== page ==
Not to give away too much, but The Satellite Collective is beginning to wiggle its fingers again. A new piece is in the works. To get the juices flowing, Kevin Draper sent out an email to the core creative team with initial ideas. The theme would be “Time Machine,” and all sorts of media would be represented as Satellite Collective always does. After a few glowing responses, I decided to chime in. Here’s what I wrote:
Re: some ideas to stir up inspiration
Thu, Dec 8, 2016 at 6:03 PM
I want to put in my two cents:
One of the most difficult things to get right in a performance of this kind is striking the right balance between all the different media. Spoken word, dance, opera, music, moving images… these all have their own strengths and limitations. How to have them co-exist in a performance piece without overcrowding?
Most of Satellite Collective’s works have deliberately separated different pieces in different media into a kind of medley, which are presented in sequence. This is a distinctly different approach than trying to create a fully immersive multimedia thing. Opera is closer to the latter, but for the fact that it’s bogged down by the proscenium. You could make an argument for both with the Time Machine theme: it supports the deliberate sequence because that’s how we experience events in time (which you can reshuffle to some cool effect), but it also supports multimedia because a Time Machine is a fascinating, fantastical, complex piece of machinery, with millions of parts working simultaneously in order to transport someone to a different place. Whichever direction it ends up taking, I think it’s best to be deliberately one or the other. A performance that lands in neither/nor might sacrifice pacing or fail to hold the audience’s attention or fail to carry a single idea throughout– ie the intangible stuff that is the true magic of performance.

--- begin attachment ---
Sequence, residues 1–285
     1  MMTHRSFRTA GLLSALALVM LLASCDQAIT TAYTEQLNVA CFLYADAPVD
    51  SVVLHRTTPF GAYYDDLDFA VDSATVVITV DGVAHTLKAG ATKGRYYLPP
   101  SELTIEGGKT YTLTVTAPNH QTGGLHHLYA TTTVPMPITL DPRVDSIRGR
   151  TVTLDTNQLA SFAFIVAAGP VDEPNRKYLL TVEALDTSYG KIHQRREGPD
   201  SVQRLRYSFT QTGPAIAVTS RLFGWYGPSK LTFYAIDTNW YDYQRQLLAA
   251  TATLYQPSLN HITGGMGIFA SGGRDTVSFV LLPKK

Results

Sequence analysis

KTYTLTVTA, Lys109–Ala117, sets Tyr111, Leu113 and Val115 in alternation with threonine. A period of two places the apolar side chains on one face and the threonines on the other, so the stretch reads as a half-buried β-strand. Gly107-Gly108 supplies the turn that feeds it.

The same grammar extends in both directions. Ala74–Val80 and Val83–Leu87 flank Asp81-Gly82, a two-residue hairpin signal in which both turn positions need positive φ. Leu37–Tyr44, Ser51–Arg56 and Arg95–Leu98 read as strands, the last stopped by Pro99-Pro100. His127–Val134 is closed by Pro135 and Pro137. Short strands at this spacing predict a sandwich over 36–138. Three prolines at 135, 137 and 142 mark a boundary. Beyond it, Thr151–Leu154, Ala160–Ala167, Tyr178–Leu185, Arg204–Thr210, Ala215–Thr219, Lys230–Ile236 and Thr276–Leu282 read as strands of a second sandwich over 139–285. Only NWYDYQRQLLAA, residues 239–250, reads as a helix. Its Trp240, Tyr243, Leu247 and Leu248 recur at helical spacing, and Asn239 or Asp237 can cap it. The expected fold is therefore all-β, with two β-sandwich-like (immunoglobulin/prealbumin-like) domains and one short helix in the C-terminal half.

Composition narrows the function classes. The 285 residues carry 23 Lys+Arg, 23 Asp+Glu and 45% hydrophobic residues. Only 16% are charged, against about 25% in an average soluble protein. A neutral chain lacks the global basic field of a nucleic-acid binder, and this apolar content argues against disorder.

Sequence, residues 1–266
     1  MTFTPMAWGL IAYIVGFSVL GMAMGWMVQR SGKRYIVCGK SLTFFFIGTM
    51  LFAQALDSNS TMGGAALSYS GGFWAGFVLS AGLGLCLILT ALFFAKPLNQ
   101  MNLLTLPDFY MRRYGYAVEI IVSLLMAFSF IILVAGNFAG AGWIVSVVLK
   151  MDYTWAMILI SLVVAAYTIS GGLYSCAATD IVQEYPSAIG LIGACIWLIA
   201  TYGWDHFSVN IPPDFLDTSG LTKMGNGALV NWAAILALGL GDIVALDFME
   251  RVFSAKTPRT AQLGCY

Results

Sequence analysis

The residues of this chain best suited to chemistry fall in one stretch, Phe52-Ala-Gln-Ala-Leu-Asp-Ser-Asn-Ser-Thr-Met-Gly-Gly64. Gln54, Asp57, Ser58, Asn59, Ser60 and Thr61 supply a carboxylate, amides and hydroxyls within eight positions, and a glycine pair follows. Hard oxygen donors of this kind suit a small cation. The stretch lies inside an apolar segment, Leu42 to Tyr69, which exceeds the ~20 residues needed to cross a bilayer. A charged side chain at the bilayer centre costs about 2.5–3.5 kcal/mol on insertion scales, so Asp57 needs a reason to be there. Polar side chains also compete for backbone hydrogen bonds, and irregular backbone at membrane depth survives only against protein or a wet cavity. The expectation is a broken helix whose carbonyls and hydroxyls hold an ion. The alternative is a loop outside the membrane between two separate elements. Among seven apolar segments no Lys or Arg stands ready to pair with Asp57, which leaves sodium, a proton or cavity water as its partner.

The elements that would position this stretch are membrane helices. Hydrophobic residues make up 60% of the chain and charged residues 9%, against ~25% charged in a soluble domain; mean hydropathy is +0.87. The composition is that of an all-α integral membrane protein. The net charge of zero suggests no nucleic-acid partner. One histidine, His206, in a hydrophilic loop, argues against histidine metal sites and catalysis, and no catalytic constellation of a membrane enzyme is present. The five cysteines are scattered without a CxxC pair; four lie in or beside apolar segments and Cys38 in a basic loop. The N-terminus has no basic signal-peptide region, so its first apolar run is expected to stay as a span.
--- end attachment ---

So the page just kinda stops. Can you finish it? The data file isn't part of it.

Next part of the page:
I hope this makes sense.
BTW, walking back my own words somewhat, I like the idea that our image of what a Time Machine is has itself changed over time. It has gone quite a way from HG Wells to the Twin Paradox. I remember I saw William Kentridge’s Refuse The Hour at BAM a couple of years ago, and he has a monologue where he explains that if a single photon can be considered a snapshot of the thing that emitted it, then we have been broadcasting snapshots of ourselves out into space since the dawn of time. If you could go out and catch each of those photons discretely, you could piece together the film of humankind.
Whether or not that makes sense to anyone, I highly recommend watching this video of highlights from the show. A lot of Satellite parallels.
-Ivan Himanen, RA
No one has responded to the thread since.